Cimex lectularius


Cimex lectularius

Description, Causes and Risk Factors:

The bed bug, Cimex lectularius, is a common bloodsucking parasite in temperate and subtropical climates that attacks humans, poultry, and other mammals. Although they have not been linked to transmission of any disease, they have been shown to harbor the causative organisms of plague, relapsing fever, tularemia, Q fever, and hepatitis B.

Dwellings can become infested with Cimex lectularius in a variety of ways, such as:

    Bugs and eggs inadvertently brought in from other infested dwellings by visiting pets a visiting person's clothing or luggage.

  • Infested items (such as furniture, clothing, or backpacks) brought in.

  • Nearby dwellings or infested items, if easy routes are available for travel (through duct work or false ceilings).

  • Wild animals (such as bats or birds) that may also harbor bed bugs or related species such as the bat bug.

  • People or pets visiting an infested area (apartment, subway, movie theatre, or hotel) and carrying the bugs to another area on their clothing, luggage, or bodies.

The transmission of hepatitis is theoretically possible by contamination from crushing the bug, contamination from infected feces, or from regurgitation during the bite. Transmission of trypanosomes has been demonstrated for bats.

The exact incidence is unknown.

RESEARCH: For decades, this parasite has been used as an experimental model, representing arthropods, to detect ectoparasite activities of different drugs tested. The need for an inexpensive production of large numbers of this species at synchronized ages for infection and life-cycle studies, as well as for conducting screenings of insecticides for control purposes, led us to develop an effective and standardized artificial membrane blood-feeding method that could feed all five instars. The use of in vitro feeding techniques for the mass rearing and maintenance of ectoparasites has major advantages in terms of convenience, productivity and financial expenditure over alternative in vivo procedures.

Cimex lectularius

Symptoms:

The type of reaction provoked depends on previous exposure; repeated bites may lead to an allergic reaction, which may lead to pronounced cutaneous manifestations. Some patients show a severe systemic hypersensitivity to arthropod allergens. The site of the bite can also become secondarily infected with bacteria infection and lead to ecthyma, cellulites, and/or lymphangitis.

Although these insects usually cause mild cutaneous reactions, more severe responses, including anaphylaxis, may occur.Bullae may be noted. Skin responses at bite sites may evolve from immediate, pruritic, edematous macules into bullae within 24 hours.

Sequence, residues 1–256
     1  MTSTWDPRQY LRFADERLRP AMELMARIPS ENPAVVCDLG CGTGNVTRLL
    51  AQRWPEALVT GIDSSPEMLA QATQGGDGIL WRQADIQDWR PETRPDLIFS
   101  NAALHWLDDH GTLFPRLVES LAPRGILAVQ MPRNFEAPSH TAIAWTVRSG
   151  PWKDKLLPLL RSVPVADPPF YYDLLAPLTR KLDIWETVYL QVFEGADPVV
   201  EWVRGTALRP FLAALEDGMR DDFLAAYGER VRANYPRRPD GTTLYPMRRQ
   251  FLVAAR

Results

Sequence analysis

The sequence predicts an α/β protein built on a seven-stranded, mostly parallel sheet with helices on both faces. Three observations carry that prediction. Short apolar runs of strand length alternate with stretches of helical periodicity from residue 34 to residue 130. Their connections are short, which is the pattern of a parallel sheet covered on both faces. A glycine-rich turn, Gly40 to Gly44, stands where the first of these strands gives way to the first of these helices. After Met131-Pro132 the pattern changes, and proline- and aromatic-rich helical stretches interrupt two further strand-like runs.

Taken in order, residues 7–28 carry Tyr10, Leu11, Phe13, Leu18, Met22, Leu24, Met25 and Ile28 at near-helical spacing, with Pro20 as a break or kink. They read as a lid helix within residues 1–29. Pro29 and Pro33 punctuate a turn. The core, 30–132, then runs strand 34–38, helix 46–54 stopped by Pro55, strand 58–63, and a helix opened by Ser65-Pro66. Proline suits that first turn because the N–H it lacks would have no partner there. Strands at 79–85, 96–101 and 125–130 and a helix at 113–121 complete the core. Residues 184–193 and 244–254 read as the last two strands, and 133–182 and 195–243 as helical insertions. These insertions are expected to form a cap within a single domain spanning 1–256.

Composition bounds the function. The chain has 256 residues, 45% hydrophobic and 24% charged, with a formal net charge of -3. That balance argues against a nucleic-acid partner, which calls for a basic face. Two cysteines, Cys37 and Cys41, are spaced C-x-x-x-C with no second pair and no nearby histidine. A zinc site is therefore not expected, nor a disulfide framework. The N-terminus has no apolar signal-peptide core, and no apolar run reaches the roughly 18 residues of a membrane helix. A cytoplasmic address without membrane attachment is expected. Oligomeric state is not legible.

Diagnosis:

The diagnosis is usually considered on the basis of the clinical history and occasionally established when the insect was found and its identity confirmed.The histopathological findings are similar to that of many other insect and arthropod bite reactions.Typically, there is a perivascular infiltrate of lymphocytes, histiocytes, eosinophils, and mast cells within the upper dermis.

Treatment:

Eradication of Cimex lectularius frequently requires a combination of pesticide and nonpesticide approaches. Pesticides that have historically been found to be effective include: pyrethroids, dichlorvos and malathion.

Resistance to pesticides has increased significantly over time and negative health effects from their use are of concern.

Mechanical approaches, such as vacuuming up the insects and heat treating or wrapping mattresses, have been recommended. A combination of heat and drying treatments have been found to be most effective. For public health reasons, individuals are encouraged to call a professional pest control service to eradicate Cimex lectularius in a home, rather than attempting to do it themselves, particularly if they live in a multi-family building.

The carbamate insecticide propoxur is highly toxic to bed bugs, but in the United States the EPA (Environmental Protection Agency) has been reluctant to approve such an indoor use because of its potential toxicity to children after chronic exposure.

Although occasionally applied as a safe indoor pesticide treatment for other insects, boric acid is ineffectual against Cimex lectularius. The fungus Beauveria bassiana is being researched for its ability to control Cimex lectularius.

NOTE: The above information is educational purpose. The information provided herein should not be used during any medical emergency or for the diagnosis or treatment of any medical condition.

DISCLAIMER: This information should not substitute for seeking responsible, professional medical care.

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